Novels to Start Out the New Year

Kathi Isserman points us to some of her top picks on the shelves now.\r

Babies, Bikes & Broads, Cynn Chadwick (Bywater Books): The third novel in the Cat Rising series is part romance and part dramatic fiction. Cat finally comes home after her brother’s wife suddenly dies. She only expects to be in Galway, North Carolina for a short time, leaving behind her married lover in Scotland, but Cat soon realizes that her future lies in her hometown. As the book progresses, we see Cat grow, gain perspective about her past and her failed love relationships and resolve to move forward. Chadwick has created a multifaceted character; she is flawed, but she gains redemption through her attempts to reconnect with the people from her past. The ending is philosophical, but not preachy or trite.


Playing for First, Chris Paynter (Blue Feather Books): I love a well-done sports story and this is one of them. Amy Perry plays pro ball for a women’s league while trying to make it into the majors. This book details one year of her life in that pursuit. Amy is a closeted lesbian who feels the need to protect herself and her budding career, but she falls for the out sports reporter covering her. Although romance runs throughout the story, the author soft plays it, adding another layer by realistically illustrating how Amy’s male teammates treat her, as well as the harassment, sexism and rampant homophobia in sports at every level. Paynter’s storytelling sends a convincing message that makes this book well worth a read.


It Should Be a Crime, Carsen Taite (Bold Strokes Books): Law professor Morgan Bradley and her student Parker Casey are potential love interests, but throw in a high-profile murder trial, and you’ve got an entertaining book that can be read in one sitting. Taite also practices criminal law and she weaves her insider knowledge of the criminal justice system into the love story seamlessly and with excellent timing. I find romances lacking when the characters change completely upon falling in love, but this was not the case here. As Morgan and Parker grow closer, their relationship is portrayed faithfully and their personalities do not change dramatically. I look forward to reading more from Taite.


The Reluctant Daughter, Lesléa Newman (Bold Strokes Books): It’s an understatement that Lydia Pinkowitz does not get along with her mother and yet she constantly seeks her love and approval. But Lydia must make some difficult decisions when her mother faces a life-threatening illness. Through Lydia, her partner and her family, we learn about forgiveness, the fleeting nature of life and the fact that it’s never too late to discover one’s family. The novel is exceptionally written, engaging and warm. It is a book that a daughter can share with her mother—which this reviewer did—and also a love story that can be enjoyed again and again.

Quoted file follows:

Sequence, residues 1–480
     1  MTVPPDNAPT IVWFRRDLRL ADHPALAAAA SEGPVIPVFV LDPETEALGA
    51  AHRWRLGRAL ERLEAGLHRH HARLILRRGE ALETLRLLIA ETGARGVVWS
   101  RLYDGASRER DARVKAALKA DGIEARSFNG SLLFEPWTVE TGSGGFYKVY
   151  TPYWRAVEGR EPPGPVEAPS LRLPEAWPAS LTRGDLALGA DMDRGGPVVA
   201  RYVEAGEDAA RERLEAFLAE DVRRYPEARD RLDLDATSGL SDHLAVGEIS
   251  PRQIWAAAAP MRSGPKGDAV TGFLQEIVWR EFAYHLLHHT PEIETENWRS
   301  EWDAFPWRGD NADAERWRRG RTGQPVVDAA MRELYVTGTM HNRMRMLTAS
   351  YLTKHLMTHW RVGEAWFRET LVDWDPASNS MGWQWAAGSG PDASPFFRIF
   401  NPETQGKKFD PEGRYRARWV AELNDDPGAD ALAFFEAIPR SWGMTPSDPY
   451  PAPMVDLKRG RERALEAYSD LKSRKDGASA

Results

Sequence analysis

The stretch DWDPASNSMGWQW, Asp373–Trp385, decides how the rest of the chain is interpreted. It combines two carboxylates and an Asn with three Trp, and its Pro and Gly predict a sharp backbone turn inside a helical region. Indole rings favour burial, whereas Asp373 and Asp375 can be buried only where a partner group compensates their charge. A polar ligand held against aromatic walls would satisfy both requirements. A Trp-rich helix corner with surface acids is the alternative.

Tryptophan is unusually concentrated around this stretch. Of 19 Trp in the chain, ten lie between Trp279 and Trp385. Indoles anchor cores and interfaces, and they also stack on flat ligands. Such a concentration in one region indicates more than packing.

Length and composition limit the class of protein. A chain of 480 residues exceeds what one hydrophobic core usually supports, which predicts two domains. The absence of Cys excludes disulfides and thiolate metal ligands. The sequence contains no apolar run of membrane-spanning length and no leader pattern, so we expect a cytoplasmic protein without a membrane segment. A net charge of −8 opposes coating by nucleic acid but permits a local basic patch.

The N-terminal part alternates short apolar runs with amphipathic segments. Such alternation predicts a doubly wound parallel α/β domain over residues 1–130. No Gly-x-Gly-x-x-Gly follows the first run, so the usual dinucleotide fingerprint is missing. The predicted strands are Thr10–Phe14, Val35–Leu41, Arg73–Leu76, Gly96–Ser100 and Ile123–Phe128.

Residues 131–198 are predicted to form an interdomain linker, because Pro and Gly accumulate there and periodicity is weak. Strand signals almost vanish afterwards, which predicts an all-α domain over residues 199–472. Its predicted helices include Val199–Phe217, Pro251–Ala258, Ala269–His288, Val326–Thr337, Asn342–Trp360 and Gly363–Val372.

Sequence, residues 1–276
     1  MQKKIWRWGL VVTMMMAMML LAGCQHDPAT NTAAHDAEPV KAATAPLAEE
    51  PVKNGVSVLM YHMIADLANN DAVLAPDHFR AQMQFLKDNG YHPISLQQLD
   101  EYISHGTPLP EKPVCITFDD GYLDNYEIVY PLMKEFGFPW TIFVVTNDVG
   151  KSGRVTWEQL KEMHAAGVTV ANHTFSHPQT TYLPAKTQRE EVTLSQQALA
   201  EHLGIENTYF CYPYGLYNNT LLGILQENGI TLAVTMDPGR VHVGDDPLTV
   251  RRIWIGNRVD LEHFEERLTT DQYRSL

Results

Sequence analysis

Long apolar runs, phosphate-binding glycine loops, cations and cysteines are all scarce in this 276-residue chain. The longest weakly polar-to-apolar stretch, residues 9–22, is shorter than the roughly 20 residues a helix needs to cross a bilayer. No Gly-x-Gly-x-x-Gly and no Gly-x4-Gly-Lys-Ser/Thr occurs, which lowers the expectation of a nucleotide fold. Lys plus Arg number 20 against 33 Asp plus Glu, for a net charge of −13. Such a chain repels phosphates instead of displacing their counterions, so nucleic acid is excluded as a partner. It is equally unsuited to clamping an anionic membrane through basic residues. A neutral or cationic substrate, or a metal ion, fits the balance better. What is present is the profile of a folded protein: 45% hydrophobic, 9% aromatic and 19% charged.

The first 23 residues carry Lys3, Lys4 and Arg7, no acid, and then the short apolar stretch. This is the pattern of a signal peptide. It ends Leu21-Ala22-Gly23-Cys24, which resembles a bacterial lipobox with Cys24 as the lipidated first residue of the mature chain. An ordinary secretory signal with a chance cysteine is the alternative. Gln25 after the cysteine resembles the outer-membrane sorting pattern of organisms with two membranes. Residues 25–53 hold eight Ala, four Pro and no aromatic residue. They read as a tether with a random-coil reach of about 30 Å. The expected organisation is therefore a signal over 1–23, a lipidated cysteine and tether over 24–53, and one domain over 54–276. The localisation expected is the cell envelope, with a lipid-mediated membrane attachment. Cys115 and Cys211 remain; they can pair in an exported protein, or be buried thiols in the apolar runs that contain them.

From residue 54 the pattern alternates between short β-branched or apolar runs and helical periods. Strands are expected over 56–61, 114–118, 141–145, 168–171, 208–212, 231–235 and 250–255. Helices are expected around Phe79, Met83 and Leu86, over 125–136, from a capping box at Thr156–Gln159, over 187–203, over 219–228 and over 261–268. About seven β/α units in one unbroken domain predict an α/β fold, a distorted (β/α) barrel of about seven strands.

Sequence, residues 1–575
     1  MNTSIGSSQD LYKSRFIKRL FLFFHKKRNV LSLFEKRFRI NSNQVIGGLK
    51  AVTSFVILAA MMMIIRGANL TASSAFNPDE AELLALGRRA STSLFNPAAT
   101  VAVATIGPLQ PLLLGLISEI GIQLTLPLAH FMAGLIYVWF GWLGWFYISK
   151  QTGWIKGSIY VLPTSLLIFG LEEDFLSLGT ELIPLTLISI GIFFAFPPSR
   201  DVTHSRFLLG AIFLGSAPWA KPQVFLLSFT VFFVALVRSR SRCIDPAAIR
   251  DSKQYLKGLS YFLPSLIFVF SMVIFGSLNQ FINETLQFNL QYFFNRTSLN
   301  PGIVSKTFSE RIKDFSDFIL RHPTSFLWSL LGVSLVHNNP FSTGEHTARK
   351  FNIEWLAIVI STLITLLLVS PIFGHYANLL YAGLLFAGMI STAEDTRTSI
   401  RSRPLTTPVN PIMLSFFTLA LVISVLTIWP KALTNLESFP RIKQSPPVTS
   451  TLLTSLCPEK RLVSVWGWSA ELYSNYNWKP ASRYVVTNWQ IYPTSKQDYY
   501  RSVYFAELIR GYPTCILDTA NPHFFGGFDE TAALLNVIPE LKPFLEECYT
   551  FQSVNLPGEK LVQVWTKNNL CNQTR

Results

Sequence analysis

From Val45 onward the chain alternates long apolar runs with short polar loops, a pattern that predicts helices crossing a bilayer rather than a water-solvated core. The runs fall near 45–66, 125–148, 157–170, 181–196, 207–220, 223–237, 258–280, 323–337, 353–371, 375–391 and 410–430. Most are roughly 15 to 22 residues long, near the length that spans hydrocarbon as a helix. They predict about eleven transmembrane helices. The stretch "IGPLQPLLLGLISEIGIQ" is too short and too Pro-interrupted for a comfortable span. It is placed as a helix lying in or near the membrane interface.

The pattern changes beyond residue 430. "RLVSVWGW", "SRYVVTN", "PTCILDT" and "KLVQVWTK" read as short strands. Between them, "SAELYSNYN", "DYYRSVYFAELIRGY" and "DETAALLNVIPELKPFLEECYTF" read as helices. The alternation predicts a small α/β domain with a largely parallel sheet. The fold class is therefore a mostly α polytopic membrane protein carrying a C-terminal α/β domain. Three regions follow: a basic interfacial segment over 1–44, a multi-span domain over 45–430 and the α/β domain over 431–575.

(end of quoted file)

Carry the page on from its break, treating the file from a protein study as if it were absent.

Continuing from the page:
From Hell to Breakfast, Joan Opyr (Blue Feather Books): Crazy things are happening in Cowslip, Idaho with Bil, her partner and their families. Someone killed dope dealer Jake Peterson on Bil’s mother’s newly acquired property. To solve the whodunit, we must journey through this corrupt town’s escapades. With snappy, witty dialogue to lead us, there’s no rambling in this tightly crafted, fun read. Opyr’s storytelling and writing is much improved from her debut novel Idaho Code.


The Mirror and the Mask, Ellen Hart (St. Martin’s Minotaur): In the newest Jane Lawless mystery, Jane is a part-time private investigator hired by Annie Archer, her new girlfriend, to search for Annie’s stepfather. According to Annie, all is not well with her stepfather’s new family and his supposedly loveless marriage. Then, when his wife is murdered, Annie’s stepfather becomes the main suspect. Hart never goes from A to B in her mysteries, so we are treated to several subplots and multiple threads where anyone could be the murderer. Annie’s history, as well as her stepfather’s, is meticulously exposed with many surprises. In the end what we get is a very satisfying murder tale and an unresolved ending that’ll have you begging for more.


The High Priest and the Idol, Jane Fletcher (Bold Strokes Books): Better than Lord of the Rings, the fourth book in the Lyremouth Chronicles is mesmerizing, transporting the reader to a fictional world of fantasy, magic and sorcerers. Tevi, the exile, and Jemeryl, the sorcerer, are bound by love and fidelity. In their attempt to save their coven and restore its magic, they battle against all odds. This novel is pure old-fashioned adventure, powerfully executed.



Beggar of Love, Lee Lynch (Bold Strokes Books): Lee Lynch likes to revisit favorite characters and in her newest book she returns to “old friends” Jefferson, LilyAnn and Angela and also includes cameos by Frenchy and Annie Heaphy. Beggar of Love is really the story of Jefferson coming of age and coming out in NYC in the '70s and '80s to the present. Jefferson, a studly butch, is cheating on her girlfriend, Ginger, right and left, just beggin’ for love in all the wrong places. She finds out, quite possibly too late, that passion without love is not everlasting. Lynch’s writing has matured over the years, and this story reflects that. The novel is a silky smooth read, epitomizing classic American literature.